Sacroiliac (SI) Joint Injections
Understanding the Sacroiliac Joint Injection Procedure
Under fluoroscopy (x-ray guidance machine) , a small amount of material is injected to distend, or expand, the sacroiliac joint capsule. You will be asked to identify if this has reproduced discomfort similar to your own. Subsequently, an anesthetic agent is given to temporarily block the pain. If ordered by your doctor, a long acting steroid pain reliever may also be administered.
Remember, it is important for you to come to the appointment with your typical pain. We ask that you do not take any pain medication after midnight the night before the injection.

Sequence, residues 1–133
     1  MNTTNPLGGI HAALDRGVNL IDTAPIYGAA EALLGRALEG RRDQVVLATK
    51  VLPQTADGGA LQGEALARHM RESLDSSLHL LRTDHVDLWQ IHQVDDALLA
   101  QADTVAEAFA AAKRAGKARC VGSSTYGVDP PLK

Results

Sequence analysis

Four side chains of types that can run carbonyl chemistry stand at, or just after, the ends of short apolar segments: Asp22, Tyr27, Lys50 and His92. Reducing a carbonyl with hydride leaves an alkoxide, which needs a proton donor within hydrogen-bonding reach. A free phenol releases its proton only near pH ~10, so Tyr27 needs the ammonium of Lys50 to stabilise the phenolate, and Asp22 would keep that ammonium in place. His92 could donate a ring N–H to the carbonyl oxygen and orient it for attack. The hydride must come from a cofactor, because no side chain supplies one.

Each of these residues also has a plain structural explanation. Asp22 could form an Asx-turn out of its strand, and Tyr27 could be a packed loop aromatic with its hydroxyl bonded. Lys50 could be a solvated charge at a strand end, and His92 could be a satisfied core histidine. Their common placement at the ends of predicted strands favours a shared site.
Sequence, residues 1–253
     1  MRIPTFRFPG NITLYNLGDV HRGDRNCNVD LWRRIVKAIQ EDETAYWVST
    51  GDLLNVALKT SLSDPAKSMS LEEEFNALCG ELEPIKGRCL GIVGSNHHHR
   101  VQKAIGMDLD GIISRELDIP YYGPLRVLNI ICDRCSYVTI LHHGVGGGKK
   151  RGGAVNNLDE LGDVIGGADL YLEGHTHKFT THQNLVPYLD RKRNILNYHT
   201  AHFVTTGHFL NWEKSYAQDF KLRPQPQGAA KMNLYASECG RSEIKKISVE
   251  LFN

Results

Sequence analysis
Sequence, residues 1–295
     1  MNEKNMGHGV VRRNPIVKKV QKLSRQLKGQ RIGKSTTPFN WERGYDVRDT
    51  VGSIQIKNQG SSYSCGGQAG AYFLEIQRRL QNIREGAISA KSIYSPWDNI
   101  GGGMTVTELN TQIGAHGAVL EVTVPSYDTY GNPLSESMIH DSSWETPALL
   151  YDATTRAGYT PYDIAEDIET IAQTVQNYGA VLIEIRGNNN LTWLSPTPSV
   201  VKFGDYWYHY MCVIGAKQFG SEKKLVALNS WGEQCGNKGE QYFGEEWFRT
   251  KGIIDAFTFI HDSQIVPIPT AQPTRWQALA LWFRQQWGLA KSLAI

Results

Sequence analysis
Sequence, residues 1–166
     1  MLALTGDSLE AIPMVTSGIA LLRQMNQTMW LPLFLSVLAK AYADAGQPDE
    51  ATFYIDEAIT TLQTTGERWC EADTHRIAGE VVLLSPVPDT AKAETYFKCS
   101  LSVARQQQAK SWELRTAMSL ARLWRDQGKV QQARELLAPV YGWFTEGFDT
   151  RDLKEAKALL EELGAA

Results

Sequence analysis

Sacroiliac Injection Recovery
Sacroiliac Injections Risks
Like all injections, there is a very small risk of bleeding, infection or allergic reaction. You will be asked to report any allergies at the time your injection is scheduled. This information is necessary for your doctor to know in advance. Substitutions or modifications to the medications may be necessary.
The steroid medication can cause a temporary increase in blood sugar levels. If you are diabetic, you'll need to monitor your glucose levels more frequently for 4-5 days following the injection.
On rare occasions, there may be other complications. If you have concerns, you should discuss them with your doctor. You may call (404) 778-7000 if you have any questions.